LAST STOP: THE PLACE THAT CHANGED ME

The cellist explains why he has a soft spot for Stockholm, with its water and its palaces, its cafes and its prawns

Stockholm is a place that I love and will return to time and time again. When it comes to Stockholm, I am the tourist office's best asset. I think that it's a seriously underrated city as far as tourist destinations go. It is also the place in which I have given the most concerts throughout my career as a cellist.

I first went there in the early Eighties when the Spanish composer Rodrigo wrote a cello concerto for me. I premiered it there and then stayed to film a TV series on classical music with a singer called Sven-Bertil Taube. Taube is an icon in Sweden - his father was Evert Taube, a very famous folk-song writer who wrote music all about the Scandinavian seas.

Through this I enjoyed the most wonderful introduction to the city, as we were lucky enough to be shooting in some of Stockholm's beautiful old palaces. I got to know the place very well and I think I've been back there at least once every year since then.

Stockholm has been called the Venice of the North owing to all the water, and I would say that this is not an overstatement. The old town is truly beautiful and life is very much focused on the sea.

I wouldn't say that I find anything to do with water inspiring in this country - I think the sea is just an awful grey, cold expanse - but in Stockholm, although it is cold, there's something pure about it. And I love the atmosphere. In the summertime when it's light until very late, it's like there's one giantic street-party going on.

In the centre of Stockholm you have the Opera House and its famous cafe, where I invariably spend a great deal of my time, and there's always this infectious buzz going on around you. At two or three in the morning it's still light and there are people everywhere, simply having a great time.

Stockholm is so unlike other places I've worked in. It is usually quite hard to experience anything of city life, but not so there. I always enjoy my work but Stockholm is one place that I relish going back to and it's a pleasure to be away from home, even if it is for quite long periods of time.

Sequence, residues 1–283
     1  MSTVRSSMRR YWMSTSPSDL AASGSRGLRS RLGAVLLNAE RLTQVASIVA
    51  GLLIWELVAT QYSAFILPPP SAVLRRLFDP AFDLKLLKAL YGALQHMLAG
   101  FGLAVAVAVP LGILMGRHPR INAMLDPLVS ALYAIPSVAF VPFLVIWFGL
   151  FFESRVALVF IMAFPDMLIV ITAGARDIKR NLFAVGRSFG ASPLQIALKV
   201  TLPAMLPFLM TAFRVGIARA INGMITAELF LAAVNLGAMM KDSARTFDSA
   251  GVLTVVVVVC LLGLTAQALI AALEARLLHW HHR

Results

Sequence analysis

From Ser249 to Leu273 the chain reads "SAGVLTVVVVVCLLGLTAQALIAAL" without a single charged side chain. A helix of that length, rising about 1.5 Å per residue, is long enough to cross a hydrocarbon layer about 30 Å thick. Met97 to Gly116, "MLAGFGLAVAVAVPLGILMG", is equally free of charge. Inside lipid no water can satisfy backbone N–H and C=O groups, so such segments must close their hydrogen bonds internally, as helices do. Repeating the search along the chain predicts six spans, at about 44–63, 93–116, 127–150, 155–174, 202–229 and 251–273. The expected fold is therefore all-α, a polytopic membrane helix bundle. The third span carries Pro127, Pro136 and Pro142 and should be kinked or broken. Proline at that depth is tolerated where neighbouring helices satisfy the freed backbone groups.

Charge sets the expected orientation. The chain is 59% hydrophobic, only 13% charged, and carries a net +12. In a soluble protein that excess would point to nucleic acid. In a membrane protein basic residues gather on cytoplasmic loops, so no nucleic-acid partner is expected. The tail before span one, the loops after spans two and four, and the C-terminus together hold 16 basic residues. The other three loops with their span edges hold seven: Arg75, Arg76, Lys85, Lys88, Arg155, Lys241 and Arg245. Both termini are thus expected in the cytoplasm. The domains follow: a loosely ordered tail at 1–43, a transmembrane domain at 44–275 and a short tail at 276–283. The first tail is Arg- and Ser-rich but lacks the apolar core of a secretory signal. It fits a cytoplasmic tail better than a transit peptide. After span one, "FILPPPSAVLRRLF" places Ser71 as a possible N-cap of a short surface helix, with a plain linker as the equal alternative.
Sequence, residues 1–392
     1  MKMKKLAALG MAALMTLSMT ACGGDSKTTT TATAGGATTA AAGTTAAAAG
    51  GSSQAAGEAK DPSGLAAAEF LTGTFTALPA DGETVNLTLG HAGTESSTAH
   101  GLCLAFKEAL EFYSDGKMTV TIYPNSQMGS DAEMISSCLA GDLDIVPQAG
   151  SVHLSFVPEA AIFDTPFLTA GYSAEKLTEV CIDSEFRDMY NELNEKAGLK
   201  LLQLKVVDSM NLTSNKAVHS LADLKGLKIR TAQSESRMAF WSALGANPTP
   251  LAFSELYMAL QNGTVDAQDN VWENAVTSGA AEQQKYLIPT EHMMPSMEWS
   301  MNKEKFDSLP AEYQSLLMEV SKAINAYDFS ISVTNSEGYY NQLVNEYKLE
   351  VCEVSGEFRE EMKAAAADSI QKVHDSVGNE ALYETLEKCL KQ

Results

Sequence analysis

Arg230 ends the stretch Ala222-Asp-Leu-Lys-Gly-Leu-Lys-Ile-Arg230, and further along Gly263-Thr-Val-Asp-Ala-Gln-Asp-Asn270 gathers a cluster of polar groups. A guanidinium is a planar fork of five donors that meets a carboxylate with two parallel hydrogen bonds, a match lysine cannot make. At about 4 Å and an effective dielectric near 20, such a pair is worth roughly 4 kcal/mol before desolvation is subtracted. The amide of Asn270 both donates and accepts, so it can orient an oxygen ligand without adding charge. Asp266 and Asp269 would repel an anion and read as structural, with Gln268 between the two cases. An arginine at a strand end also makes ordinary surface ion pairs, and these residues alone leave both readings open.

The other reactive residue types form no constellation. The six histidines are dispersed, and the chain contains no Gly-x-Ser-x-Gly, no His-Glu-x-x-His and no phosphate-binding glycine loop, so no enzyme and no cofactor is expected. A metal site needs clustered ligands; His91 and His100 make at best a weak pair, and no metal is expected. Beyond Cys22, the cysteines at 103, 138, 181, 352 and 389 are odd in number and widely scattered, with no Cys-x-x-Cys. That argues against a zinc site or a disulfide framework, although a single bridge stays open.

I think it helps that I love the food. I am a great fan of prawns and toast skagen - a sort of upmarket version of a prawn cocktail with delicious mayonnaise - is one of my all-time favourite dishes.

They also have a wonderful dish involving hot new potatoes with cheese and a raw egg cracked on top. It seems a little strange at first bite but now I have become rather partial to it.

The other brilliant thing for lazy British people is that everyone speaks faultless English. And unlike the French, the Swedish really don't mind talking to you in English at all. I suppose I look forward to going to Stockholm more in the summer than in the winter. Summer is a time when the city is surrounded by light, sparkling water and beautiful gleaming buildings.

I do love the countryside as well, and there was a time when I thought that I wanted to move out of the city. But I realise increasingly that I do love metropolitan life. I like to be in a city surrounded by people and to be able to take trips to the theatre and suchlike.

Stockholm offers all of that without the pollution and aggravation of other big cities. I can most certainly imagine myself with a little country house there - although one of the best hotels I have ever stayed in is in Stockholm, the Grand, and I would hate to miss any opportunity to stay there. It's always the first place I head for when I get into town. Straight to the cafe for some toast skagen.

Julian Lloyd Webber's latest CD 'Cello Moods' is out now on Philips Classics.

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